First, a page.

One of the first things the scouts needed to learn, they realized, is what exactly historic preservation is. It’s a good question, actually, for adults and kids, one that promotes an awareness of our surroundings and the laying down of our devices in order to delve into community. As the SCAD students, ages 21 and up, teach in their guide for leaders and scouts, historic preservation goes beyond saving buildings to include protecting artifacts, culture and, yes, even family history and photos. Though Savannah, where the students are pursuing their degrees, is an epicenter of historic districts and preservation, their guide is intentionally broad enough to relate to any city in the U.S.

SCAD historic preservation students partnered with graphic design, dramatic writing, fibers and sequential art students to create the guide. To earn a patch, scouts must fulfill seven activities that fall under different categories of preservation, like personal history.

Any tool that promotes historic preservation to the next generation must be conducive to mass appeal, lest the fervor for ‘saving places’ dies with the present generation. One indicator that doesn’t bode well for the future of preservation, for example, is the average age of those who read Preservation Magazine: 61.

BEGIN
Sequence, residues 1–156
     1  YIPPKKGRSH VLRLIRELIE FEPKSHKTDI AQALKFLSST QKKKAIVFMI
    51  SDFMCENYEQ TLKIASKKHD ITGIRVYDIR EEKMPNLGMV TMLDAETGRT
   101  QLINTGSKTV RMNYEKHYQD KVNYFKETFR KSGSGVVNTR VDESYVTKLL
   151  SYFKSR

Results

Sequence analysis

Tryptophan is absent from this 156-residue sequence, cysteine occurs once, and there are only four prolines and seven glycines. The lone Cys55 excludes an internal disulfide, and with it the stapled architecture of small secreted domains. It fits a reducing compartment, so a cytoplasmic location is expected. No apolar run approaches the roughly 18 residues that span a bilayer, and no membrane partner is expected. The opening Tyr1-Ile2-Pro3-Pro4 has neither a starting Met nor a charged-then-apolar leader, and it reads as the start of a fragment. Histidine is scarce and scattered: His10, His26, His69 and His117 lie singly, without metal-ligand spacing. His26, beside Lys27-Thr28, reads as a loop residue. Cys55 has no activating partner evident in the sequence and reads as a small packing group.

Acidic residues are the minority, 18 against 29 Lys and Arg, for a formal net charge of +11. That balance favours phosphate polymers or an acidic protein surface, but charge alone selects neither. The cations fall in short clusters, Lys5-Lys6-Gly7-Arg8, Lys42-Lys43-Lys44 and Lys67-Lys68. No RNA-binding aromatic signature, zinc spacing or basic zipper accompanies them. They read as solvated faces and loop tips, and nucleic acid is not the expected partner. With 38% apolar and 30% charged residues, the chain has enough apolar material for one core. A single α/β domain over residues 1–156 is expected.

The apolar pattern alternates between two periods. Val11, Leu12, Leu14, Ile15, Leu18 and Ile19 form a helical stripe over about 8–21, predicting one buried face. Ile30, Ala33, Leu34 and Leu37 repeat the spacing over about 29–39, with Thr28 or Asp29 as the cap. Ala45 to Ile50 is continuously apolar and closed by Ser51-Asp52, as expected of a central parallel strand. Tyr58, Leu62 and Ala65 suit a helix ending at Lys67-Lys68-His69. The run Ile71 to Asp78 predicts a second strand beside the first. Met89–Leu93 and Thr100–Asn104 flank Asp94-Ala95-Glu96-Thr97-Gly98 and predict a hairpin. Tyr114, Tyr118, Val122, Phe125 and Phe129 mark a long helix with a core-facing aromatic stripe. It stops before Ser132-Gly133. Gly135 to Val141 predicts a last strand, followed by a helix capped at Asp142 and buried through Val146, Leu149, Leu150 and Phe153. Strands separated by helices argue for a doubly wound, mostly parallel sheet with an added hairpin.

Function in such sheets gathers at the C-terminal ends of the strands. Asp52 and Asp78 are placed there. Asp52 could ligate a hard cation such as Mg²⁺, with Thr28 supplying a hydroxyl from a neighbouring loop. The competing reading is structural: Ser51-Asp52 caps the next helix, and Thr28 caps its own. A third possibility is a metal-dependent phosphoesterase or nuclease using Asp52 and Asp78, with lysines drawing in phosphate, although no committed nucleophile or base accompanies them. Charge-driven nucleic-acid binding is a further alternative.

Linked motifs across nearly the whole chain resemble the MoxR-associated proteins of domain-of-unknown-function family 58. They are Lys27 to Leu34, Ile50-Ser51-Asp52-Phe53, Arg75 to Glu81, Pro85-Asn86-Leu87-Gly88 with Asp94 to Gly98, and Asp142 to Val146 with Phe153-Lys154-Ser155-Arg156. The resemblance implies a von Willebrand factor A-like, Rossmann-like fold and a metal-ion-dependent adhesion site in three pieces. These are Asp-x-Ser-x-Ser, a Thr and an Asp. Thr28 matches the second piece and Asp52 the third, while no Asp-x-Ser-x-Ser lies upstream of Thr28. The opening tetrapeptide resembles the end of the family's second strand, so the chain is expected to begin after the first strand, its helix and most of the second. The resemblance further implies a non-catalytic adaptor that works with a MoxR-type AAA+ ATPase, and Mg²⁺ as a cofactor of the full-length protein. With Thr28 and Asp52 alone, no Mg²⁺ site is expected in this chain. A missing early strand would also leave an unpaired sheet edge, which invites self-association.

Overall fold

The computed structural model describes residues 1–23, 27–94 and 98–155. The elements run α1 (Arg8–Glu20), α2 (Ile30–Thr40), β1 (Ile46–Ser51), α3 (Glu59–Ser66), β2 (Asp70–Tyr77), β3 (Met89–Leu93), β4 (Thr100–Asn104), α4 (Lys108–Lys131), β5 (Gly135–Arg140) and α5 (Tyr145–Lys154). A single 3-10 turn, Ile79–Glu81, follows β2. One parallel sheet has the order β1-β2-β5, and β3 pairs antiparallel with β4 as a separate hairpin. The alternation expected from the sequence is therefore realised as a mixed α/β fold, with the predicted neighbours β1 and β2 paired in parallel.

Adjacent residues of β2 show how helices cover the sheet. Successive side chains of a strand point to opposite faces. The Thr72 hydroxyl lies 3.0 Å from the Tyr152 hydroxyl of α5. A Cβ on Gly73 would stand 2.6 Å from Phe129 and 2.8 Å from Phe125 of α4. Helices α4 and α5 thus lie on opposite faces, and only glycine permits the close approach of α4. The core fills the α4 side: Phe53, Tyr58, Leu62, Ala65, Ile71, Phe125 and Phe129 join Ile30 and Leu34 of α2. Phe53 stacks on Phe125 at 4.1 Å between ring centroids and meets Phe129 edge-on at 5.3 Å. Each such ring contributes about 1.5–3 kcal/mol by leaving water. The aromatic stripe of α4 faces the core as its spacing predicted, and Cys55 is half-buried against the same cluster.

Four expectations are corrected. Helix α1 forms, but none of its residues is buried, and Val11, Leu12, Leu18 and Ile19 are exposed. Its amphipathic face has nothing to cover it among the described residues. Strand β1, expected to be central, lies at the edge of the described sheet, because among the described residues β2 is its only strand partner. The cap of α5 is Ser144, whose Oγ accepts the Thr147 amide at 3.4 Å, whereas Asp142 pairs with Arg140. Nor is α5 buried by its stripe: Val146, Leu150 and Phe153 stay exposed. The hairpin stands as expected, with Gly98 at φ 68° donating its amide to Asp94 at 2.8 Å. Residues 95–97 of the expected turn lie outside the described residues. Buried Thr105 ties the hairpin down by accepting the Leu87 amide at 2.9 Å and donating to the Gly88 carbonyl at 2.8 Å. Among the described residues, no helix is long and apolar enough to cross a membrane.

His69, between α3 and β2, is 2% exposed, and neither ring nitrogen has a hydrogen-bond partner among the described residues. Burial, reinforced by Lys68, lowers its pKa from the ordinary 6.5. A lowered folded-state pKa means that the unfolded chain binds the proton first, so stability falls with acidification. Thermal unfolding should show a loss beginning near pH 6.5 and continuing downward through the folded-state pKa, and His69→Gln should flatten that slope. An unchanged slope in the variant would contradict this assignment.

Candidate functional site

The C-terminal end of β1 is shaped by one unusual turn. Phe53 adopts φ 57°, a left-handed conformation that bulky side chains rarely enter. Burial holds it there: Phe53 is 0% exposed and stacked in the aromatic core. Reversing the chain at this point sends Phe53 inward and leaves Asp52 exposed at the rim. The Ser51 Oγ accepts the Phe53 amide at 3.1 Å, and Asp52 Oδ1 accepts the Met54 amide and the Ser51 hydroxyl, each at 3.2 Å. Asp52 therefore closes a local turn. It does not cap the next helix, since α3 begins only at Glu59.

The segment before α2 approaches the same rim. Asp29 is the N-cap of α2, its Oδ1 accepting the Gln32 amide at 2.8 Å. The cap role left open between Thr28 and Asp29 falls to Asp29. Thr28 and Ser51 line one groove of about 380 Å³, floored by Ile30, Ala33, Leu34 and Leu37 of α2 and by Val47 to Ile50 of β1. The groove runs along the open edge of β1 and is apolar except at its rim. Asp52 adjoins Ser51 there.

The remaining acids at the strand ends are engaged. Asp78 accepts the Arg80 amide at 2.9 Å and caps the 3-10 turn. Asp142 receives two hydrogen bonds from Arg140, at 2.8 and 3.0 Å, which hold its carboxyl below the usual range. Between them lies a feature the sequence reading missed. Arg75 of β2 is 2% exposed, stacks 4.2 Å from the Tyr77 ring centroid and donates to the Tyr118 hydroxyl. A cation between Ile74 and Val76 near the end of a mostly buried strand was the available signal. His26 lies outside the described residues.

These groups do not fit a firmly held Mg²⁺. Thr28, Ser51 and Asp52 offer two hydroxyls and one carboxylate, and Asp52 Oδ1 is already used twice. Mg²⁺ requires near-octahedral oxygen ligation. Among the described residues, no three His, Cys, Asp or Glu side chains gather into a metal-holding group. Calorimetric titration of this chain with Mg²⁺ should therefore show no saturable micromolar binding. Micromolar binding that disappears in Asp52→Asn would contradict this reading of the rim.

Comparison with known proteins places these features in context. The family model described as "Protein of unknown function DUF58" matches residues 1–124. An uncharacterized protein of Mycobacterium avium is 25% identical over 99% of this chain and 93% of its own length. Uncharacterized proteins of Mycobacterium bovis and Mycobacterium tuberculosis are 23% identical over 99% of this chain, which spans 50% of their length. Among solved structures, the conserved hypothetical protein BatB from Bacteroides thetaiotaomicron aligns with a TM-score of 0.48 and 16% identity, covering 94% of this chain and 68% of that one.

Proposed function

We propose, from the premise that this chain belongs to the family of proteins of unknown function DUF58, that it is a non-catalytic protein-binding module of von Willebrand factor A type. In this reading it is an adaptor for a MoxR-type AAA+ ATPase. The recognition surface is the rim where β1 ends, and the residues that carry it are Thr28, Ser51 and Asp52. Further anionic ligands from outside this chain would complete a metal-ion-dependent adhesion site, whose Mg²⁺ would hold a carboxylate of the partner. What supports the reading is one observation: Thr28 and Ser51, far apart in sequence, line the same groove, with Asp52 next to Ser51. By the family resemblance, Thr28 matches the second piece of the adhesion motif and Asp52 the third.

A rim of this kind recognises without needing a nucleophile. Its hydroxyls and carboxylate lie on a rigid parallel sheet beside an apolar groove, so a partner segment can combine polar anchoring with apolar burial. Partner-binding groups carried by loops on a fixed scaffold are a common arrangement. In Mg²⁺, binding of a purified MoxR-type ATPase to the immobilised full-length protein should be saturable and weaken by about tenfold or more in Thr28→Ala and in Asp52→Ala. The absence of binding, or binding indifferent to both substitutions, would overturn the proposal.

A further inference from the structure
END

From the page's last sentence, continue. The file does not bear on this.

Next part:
The apparent apathy toward historic preservation among young people is something that keeps preservationists like SCAD professor Connie Pinkerton, who led the students in the creation of the Girl Scout patch, talking.

Connie, a former Girl Scout whose daughter is also a Girl Scout, notes that her millennial generation students must carry the torch or, more appropriately, an LED light in support of historic preservation. A quick survey of her students about what could possibly have sparked their interest in historic preservation as an area of study is a case study for hope.

Savannah’s storied, historic buildings, many of them rehabilitated by SCAD, drew Bethany Emenhiser (M.F.A., historic preservation) to historic preservation. “People made things with their hands and those things and places are still standing. But today, even in our high-tech world, homes are being blown over by tornados,” she said of her admiration for preservation.

“Going green and sustainability are so in, but preservation was the first sustainability.”

That observation is astute for a student whose peers, by contrast, spend hours upon hours in a building near hers using the latest in 3D printing technologies.

Likewise, Jake Eichorn (B.F.A., historic preservation) became interested in preservation when studying at SCAD opened his eyes to the treasures of historic Savannah.  The 21-year-old, who will spend his summer helping a professor rehab a Victorian, gets starry-eyed talking about property record chains and a future career fixing up and flipping historic homes. For Jake, breaking down the fundamentals of historic preservation into a form that ten and 11-year-olds can understand was a rewarding challenge, just as the pursuit of the historic preservation patch will no doubt be also.